Hundreds of students marched through the streets of the Chilean capital of Santiago on Thursday (29 December) shouting support for the military government of President Augusto Pinochet.
GV: Students marching through Santiago's streets chanting and carrying placards.
CU: Students marching.
GV: Students carrying banners, chanting.
SV: President Pinochet surrounded by crowd as he walks through housing estate. (TWO SHOTS)
SV: President Pinochet waving to crowd as they cheer and clap.
CU: President Pinochet talking to local mayor.
SV: President Pinochet surrounded by security men leaving site.
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Background: Hundreds of students marched through the streets of the Chilean capital of Santiago on Thursday (29 December) shouting support for the military government of President Augusto Pinochet. At the same time the President was visiting working class areas of the city, campaigning for a pro-government vote in a referendum which is scheduled for next Wednesday (4 January).
SYNOPSIS: Bystanders on the streets of Santiago were left in no doubt as to how the marching student would be voting in the referendum, which was called by President Pinochet after a recent motion at the United Nations. The motion condemned General Pinochet's military government for alleged violation of civil rights.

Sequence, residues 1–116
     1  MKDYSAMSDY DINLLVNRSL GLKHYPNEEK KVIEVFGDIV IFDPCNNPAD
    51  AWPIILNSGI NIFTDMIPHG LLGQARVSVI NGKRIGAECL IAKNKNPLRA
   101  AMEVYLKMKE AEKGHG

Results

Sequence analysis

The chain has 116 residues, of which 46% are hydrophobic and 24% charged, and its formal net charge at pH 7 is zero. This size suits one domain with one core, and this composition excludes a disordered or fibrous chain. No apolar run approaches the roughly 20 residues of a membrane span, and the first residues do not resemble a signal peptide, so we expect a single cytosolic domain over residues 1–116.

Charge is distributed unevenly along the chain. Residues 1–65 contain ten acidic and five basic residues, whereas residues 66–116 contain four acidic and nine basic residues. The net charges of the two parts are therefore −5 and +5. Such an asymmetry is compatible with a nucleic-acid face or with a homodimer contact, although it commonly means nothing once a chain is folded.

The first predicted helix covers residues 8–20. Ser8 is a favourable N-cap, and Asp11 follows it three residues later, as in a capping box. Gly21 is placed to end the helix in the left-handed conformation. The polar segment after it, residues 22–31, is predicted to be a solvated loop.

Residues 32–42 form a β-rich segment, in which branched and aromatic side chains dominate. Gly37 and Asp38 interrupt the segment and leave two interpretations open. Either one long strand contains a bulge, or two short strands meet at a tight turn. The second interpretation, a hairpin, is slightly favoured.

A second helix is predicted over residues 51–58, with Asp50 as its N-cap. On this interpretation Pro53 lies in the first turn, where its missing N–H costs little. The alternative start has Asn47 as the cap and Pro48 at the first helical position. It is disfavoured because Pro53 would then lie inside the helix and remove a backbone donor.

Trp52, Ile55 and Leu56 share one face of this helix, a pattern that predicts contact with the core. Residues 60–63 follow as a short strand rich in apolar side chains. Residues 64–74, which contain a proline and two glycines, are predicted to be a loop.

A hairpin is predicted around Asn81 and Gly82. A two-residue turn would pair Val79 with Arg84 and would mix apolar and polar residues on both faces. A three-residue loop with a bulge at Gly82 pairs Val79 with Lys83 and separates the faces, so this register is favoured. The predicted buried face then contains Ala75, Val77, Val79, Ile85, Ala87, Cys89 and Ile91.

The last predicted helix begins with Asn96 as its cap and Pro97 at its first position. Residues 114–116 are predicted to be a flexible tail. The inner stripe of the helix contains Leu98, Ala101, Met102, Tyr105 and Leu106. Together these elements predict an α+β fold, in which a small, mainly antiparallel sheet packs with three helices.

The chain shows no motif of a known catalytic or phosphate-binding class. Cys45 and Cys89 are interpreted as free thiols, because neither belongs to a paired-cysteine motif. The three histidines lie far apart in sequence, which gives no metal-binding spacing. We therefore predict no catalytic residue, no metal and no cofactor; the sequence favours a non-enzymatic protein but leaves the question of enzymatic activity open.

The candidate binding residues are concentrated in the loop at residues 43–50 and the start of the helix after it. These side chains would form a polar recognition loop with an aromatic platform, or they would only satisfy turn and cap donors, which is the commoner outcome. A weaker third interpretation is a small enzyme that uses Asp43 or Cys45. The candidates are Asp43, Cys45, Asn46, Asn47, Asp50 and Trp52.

All Chileans over 18 are obliged to vote in the referendum, which asks whether they still support the government following the United Nations resolution.
General Pinochet, however, hasn't left it to pro-government marches to drum up support. He has been busy visiting housing estates in the suburbs telling people that the aim of the U.N. resolution is to isolate Child from the rest of the world and deny it foreign financial aid.
A recent Gallup poll in Chile predicted that the General will get around 70 percent support in the referendum. But he hasn't found it easy arranging the poll, Chile's first since the military take-over in 1973.
Several members of the General's ruling junta disagreed with the referendum and the country's Comptroller General, Senor Hector Humeres, declared it unconstitutional Senor Humeres, however, has resigned and observers say his successor will let the referendum proceed.